Epee Fencing
Epee fencing from the 2010 World Championships. Photo S.Timacheff/FencingPhotos.com

Here’s something rare – instead of a forum thread starting serious and descending into nitpicking (as often does happen in online conversations), we had a thread that started as a delayed April Fool joke/rant calling for banning the French grip in epee.

User Gladius saw fit to inject some reason and education into the thread, so I’m taking that post and using it here, otherwise the good stuff in it will get lost.  So, please welcome this guest post by “Gladius” and his translation of Italy’s Maestro Giancarlo Toran.

On using the “French grip”:

One should “educate” the hand to use a weapon with a smooth grip which people insist calling “French grip.” And the proper way to train the hand should be–as taught by Maestro Giuseppe Mangiarotti–with the thumb almost touching the inside of the bell guard. This gives you more strength. But if this were the only way to hold the weapon all the time one could not understand the advantage of using the “French grip.”

The advantage this grip offers is because one can and should use it by holding the grip in a variety of possible ways.

  • Power grip: thumb close to the bell guard, allows to do all that one can do with the orthopedic grip but a little less well, because the orthopedic grip is stronger.
  • Intermediate grip: the index finger stretched forward almost touching the bell guard.
  • Pommeling: taking even more advantage of the greater length at the cost of losing all power to work on the opponent’s blade.

Because of this variety one tends to rely less on blade work and emphasize more actions based on tempo and distance (misura). All fencing actions require tempo and distance but when one does not have the feedback of the opponent’s blade on which to construct his action, one must develop more actions based on tempo and distance.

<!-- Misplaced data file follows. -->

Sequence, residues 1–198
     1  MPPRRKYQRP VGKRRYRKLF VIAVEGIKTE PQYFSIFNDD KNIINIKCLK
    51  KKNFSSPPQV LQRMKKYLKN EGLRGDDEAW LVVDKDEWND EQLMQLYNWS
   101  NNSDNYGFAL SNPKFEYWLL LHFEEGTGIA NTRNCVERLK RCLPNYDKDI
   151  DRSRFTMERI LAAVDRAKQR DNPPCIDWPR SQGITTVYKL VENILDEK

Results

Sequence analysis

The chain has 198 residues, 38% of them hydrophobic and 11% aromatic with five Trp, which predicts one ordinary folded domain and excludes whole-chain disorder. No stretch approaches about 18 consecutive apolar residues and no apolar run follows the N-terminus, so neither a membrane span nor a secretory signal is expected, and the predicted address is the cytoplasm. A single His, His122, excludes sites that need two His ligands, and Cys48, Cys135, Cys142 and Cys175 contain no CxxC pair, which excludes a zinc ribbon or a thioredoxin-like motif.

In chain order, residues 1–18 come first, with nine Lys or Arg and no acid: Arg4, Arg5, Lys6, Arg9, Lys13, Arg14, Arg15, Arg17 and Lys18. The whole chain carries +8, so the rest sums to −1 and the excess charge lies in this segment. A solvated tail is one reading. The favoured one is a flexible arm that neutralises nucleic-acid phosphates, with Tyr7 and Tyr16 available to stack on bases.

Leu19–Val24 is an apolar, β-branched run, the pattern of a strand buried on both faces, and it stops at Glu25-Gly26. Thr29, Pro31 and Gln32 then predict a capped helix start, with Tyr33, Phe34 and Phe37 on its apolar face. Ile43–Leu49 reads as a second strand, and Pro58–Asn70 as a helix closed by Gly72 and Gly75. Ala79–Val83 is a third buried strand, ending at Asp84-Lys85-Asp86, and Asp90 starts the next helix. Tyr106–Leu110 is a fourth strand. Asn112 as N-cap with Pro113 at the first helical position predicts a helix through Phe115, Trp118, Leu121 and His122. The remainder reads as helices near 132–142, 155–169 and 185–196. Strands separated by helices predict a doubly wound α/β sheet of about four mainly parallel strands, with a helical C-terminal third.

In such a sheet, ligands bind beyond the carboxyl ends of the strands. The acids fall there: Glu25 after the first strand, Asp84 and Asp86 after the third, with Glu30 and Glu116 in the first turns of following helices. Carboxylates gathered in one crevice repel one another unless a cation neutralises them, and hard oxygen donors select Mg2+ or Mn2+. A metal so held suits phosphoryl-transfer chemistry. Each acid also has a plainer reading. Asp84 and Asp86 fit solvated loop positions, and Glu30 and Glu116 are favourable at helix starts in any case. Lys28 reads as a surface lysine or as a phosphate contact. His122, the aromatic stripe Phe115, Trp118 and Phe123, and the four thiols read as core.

These differences are important in the choice of actions. Therefore,

  • a fencer using the ortho grip (pistol grip) will tend to rely on beats (battute), countertimes (controtempi), time thrusts (contrazioni), parries (parate) much more than a fencer using the smooth grip;
  • a fencer using a “French” grip will work more on stop hits (arresti), (svincoli), remises (rimesse), leg and foot touches, and in general touches to the advanced targets (wrist, forearm, front leg, mask).

Nobody prevents a fencer with an ortho grip to do these same things but the weapon leads the fencer to favor certain choices which in practice become soon more effective. The Maestro, noticing the predisposition of the pupil, can direct him towards one or the other grip, or develop other actions which are more congenial to him as a person, and the type of grip he uses/prefers.

The antagonist from our thread included the following statements:

A good example of this is your country’s star epee fencer Kelsey. He is very tall, and with his pistol grip he can still do some blade actions when he needs to, and he is more versatile, and it has proven to be very successful. Many French epee fencers are successful with their French grip simply because they are just very talented individuals. If those extremely talented French epeeists did pistol grip, they would really win the Olympics. Pistol grip is clearly the best grip when used right, as proven by the majority of World Cup winners. Banning French grip would eliminate those fencers who truly do not have talent but are successful for the wrong reasons, especially in Junior and younger divisions. It will show that hard work and talent dominate, and not just being freakishly tall and skinny.

Maestro Toran responds: I don’t know Kelsey and I don’t have recent statistics. But I saw in action many excellent epeeists which used the French grip with great effectiveness. Bellone, Mazzoni, Milanoli, not to mention the French. True, one needs time to teach this grip well and properly.

Keep in mind also that while the weapon is always the same, not so the hand that holds it. By this I mean that a tall person with a strong arm and hand can use the “French” with all the advantages offered by this grip, and without the disadvantages, because with his strong hand he can overcome the extra strain without a problem.

The idea to prohibit the smooth grip seems to me rather weird and with no chance, beside being a bad idea per se, like everything which tends to limit variety. If the ortho were so far superior, the smooth grip would disappear on its own, through natural selection, just like happened with foil where the ortho indeed presents only advantages.

And there you have it.  Some reasoned discussion on why some epee fencers would prefer to use a “smooth” or French grip.